A Day in the Life of the SSND UN-NGO Representative
CSW includes workshops, networking, advocacy
For the director of the SSND United Nations-NGO office, an event like the Commission on the Status of Women means long days filled with workshops, networking, advocacy and meetings on issues as diverse as the plight of indigenous people, education for girls, effectively using storytelling to promote a cause and poverty eradication.
Sister Eileen Reilly began her work on the first day of this year’s CSW just after 7 a.m., boarding the subway train for the 45-minute ride, with one transfer, from her convent in Queens to Grand Central Station, just a few blocks from United Nations Headquarters. Usually the lone representative from SSND at the UN, this time Sister Eileen was accompanied by four other SSND delegates in town for the CSW.
"Exposing the Doctrine of Discovery"
The first stop on her schedule was a seminar on “Exposing the Doctrine of Discovery: A Call to Healing and Hope,” sponsored by the Episcopal Church. Panelists detailed the impact of this policy which gave Christian explorers the right to claim lands they "discovered" and assert dominance over indigenous people. The detailed the enduring issues as a result of this policy and its long-lasting effects.
Waiting for the program to begin, Sister Eileen made use of every minute, checking her Blackberry for updates to her schedule, sharing news about the energy from a girls’ orientation the day before, catching up with a colleague from another NGO and collecting extra resources for a friend who teaches a university course on the subject of the morning’s seminar.
"Communicating the Heart of a Woman"
After a brief dash to the corner stand pick up a coffee and a bagel, she was back in the UN Church Center for her second event of the morning, a training workshop on “Communicating the Heart of a Woman to Motivate Social Change,” sponsored by Media Impact. Panelists described the innovative and creative ways they have inspired inspire change through stories, using dramas like soap operas to address issues and model appropriate actions.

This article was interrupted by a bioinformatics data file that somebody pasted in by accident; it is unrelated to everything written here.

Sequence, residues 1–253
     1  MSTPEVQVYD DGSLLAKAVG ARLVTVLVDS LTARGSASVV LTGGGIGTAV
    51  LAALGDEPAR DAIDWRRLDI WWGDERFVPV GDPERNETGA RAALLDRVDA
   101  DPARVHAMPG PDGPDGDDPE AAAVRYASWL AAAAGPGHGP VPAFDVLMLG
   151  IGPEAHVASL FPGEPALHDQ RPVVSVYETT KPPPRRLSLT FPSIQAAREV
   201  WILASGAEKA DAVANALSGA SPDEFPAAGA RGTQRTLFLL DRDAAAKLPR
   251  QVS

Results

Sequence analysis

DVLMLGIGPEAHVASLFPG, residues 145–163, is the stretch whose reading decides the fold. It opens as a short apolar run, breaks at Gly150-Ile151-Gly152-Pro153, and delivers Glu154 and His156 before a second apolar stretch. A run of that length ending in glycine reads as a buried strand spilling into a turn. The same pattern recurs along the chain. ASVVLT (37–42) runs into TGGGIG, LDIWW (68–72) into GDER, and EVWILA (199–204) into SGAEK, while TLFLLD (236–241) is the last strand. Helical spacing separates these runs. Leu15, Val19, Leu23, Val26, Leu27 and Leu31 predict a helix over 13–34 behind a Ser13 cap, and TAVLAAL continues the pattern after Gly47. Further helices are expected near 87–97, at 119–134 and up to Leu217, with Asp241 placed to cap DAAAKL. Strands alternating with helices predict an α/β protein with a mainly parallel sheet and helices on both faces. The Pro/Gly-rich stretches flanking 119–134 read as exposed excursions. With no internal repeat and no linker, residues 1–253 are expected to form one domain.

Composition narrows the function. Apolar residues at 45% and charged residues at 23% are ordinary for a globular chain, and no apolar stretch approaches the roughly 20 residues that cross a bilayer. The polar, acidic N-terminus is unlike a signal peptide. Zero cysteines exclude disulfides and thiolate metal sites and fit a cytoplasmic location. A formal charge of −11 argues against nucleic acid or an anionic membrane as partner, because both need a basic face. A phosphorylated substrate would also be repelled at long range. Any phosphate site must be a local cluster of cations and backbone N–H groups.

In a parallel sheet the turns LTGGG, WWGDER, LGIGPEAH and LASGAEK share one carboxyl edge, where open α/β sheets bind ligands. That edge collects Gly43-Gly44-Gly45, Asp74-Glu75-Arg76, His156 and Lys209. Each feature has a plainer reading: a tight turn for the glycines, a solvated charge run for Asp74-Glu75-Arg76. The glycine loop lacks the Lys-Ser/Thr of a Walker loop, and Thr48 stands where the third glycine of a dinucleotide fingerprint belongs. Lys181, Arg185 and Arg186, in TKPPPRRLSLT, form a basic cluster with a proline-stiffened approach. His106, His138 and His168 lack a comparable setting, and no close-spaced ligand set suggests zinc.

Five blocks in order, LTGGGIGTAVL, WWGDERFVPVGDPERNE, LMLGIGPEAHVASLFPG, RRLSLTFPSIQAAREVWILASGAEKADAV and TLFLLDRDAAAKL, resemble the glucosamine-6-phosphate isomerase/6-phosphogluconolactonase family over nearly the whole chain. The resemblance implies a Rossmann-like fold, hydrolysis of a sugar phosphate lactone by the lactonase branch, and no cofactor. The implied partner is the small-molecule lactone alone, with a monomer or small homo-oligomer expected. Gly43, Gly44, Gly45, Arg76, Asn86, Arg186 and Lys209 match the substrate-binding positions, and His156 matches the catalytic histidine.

Across the street at the United Nations Headquarters, Sister Eileen passed through security and picked up a reserved ticket to attend a session on “Access to Education – Success in Employment?” sponsored by the UN Missions from Australia and New Zealand. Speakers addressed the access to education in the Pacific countries surrounding Australia and New Zealand, describing the historical lack of education and how traditional education doesn’t necessarily prepare people in that area with the skills they need to find employment.
"Empowering Women Politically"
As she headed back to the UN Church Center for an afternoon session, Sister Eileen ran into Father Tom Brennan, the NGO representative for the Salesian Priests, who wanted to discuss his efforts to help the Salesian Sisters become an NGO. That detour meant that when she arrived at the session on “Empowering Women Politically to Eradicate Poverty,” the room was already full, with people sitting on the floor, lining the walls and standing shoulder-to-shoulder in the back of the room.
The popular session, sponsored by the League of Women Voters and the Working Group on Girls, included panelists from UN Women, the Global Competitive Leadership Program of Georgetown University and the League of Women Voters. They discussed the obstacles women encounter in politics, the different talents that women and men bring to the table, engaging girls in politics and the strength in working together.
"The Role of Women in Poverty Eradication"
At the final session of the day, “Women’s Empowerment – The Role of Women in Poverty Eradication,” Sister Eileen ran into another colleague, Sister Joan Kirby, RSCJ, NGO representative for the Temple of Understanding. After comparing their experiences from their earlier workshops, they settled in to listen to from local governments, the United Nations Population Fund and Won Buddhism International discuss the importance of women in politics and the importance of education for reducing poverty.
“The day opened up the phrase, ‘empowered women,’ and I hope I continue to explore it the rest of the week,” Sister Eileen Reilly said, as she reviewed the notes from the sessions she attended and reflected on her experiences. “What I’m taking away is looking at the whole idea of empowering women more creatively. The media session, for instance, challenged me to think of new and creative ways. The session on education in the Pacific countries showed the need to empower girls in a more holistic way.”